Madame Sun set the other girls to work clearing the parlors and banquet room downstairs. The Lotus Palace was one of the larger establishments in the pleasure quarter of the North Hamlet, also known as the Pingkang li. There were seven ladies, courtesans or courtesans-in-training, along with Old Auntie and Yue-ying.

The courtesans all called Madame Sun "Mother" and did whatever she told them. Even Mingyu, who was the most successful and thus most favored of the "sisters", never disobeyed her. Yue-ying had heard that Madame Sun could be a demonness with her bamboo switch, though she had yet to witness it.

Unlike the others, Yue-ying had no one to answer to but Mingyu. Also unlike the other girls, she possessed no literary or musical skills to elevate herself in status. Her fate had been decided from birth by a bright red birthmark that curved along her left cheek. The stain rendered her unsuitable for the pleasure houses, for who wished to invest time and money to train a courtesan with a ruined face? A prostitute required no such training.

She was a maidservant now, but up until four years ago she had been nothing but a warm body. The Lotus was indeed a palace compared to the brothel where she'd once lived and she no longer hid her face behind a thick layer of powder. No one cared if a servant was ugly, and no one paid any attention to her when Mingyu was present.

Yue-ying focused on setting their quarters back in order, righting the dressing table and picking the robes off the floor. She selected a light one that was suitable for the warm summer weather before shoving an armful of clothing into the wardrobe. Then she sorted through the cosmetics, salvaging what she could.

Later, as she was fixing Mingyu's hair, another tremor rocked the pavilion. The force of it was slight in comparison to that morning's quake, but she inadvertently jabbed Mingyu's scalp with the long pin she was holding.

"Forgive me," Yue-ying murmured after regaining her balance.

Mingyu remained seated calmly at the dressing table. "There is nothing to forgive."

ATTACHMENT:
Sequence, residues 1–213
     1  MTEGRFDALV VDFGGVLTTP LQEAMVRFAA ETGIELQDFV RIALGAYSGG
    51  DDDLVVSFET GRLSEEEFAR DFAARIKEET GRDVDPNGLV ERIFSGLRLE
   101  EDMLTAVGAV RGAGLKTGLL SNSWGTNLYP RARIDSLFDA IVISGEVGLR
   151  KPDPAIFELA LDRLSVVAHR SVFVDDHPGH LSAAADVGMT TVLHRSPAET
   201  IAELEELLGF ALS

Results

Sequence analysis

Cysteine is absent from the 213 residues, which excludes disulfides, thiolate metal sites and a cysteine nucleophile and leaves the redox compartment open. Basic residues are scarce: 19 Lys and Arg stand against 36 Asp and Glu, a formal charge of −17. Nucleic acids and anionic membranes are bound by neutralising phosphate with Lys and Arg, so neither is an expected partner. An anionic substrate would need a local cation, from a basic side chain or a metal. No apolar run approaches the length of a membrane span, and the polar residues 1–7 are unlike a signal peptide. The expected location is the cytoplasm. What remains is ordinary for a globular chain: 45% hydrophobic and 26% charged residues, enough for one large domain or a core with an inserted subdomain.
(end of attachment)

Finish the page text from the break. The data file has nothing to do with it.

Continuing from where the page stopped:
Carefully, Yue-ying inserted the pin into a coil of dark hair to keep it in place. She worked in silence, mentally going over the ever-growing list of tasks she needed to accomplish that day.

"What if something happened to me?" Mingyu asked out of nowhere.

The phrasing of the question sounded decidedly odd. "No one was hurt. We were all very fortunate."

The courtesan was insistent. "I do not mean just this morning. What if something should happen in the future? Earthquakes often occur one after another. What if the next one brings the building down? Or if the ground opens up?"

"You were not afraid of earthquakes yesterday," Yue-ying reminded her gently.

Mingyu sniffed. "You know I am not speaking only of earthquakes."

Yue-ying could see Mingyu's eyebrows arch sharply in the bronze mirror. Even agitated, she was still beautiful.

"Nothing has happened. Nothing will happen. There is no need to go searching for tragedy."

Mingyu said nothing more while Yue-ying finished dressing her in a robe of jade- green embroidered with a floral design. The courtesan resembled the paintings of immortals with her luminous skin and eyes that were mysterious and dark. The silk swirled around her as she strode from the dressing room. Her expression was tranquil, but her movements were anything but.

Yue-ying moved with purpose once Mingyu was gone; sweeping the parlor and making it presentable, propping up the broken screen that covered the bedchamber entrance as best she could. The inner rooms she left to be sorted out later.

She was right to move quickly. It wasn't long before one of Mingyu's patrons came to call, even though it was only the middle of the morning. Apparently, the earthquake had woken up the city and everyone was eager to gossip.